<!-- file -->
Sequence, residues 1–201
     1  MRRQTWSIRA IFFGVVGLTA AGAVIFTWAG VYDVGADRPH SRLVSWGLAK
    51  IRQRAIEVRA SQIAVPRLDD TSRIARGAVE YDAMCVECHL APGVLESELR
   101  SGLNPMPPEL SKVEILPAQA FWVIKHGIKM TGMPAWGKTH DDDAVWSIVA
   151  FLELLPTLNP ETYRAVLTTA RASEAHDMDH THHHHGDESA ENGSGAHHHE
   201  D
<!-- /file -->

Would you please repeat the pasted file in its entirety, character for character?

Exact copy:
Sequence, residues 1–201
     1  MRRQTWSIRA IFFGVVGLTA AGAVIFTWAG VYDVGADRPH SRLVSWGLAK
    51  IRQRAIEVRA SQIAVPRLDD TSRIARGAVE YDAMCVECHL APGVLESELR
   101  SGLNPMPPEL SKVEILPAQA FWVIKHGIKM TGMPAWGKTH DDDAVWSIVA
   151  FLELLPTLNP ETYRAVLTTA RASEAHDMDH THHHHGDESA ENGSGAHHHE
   201  D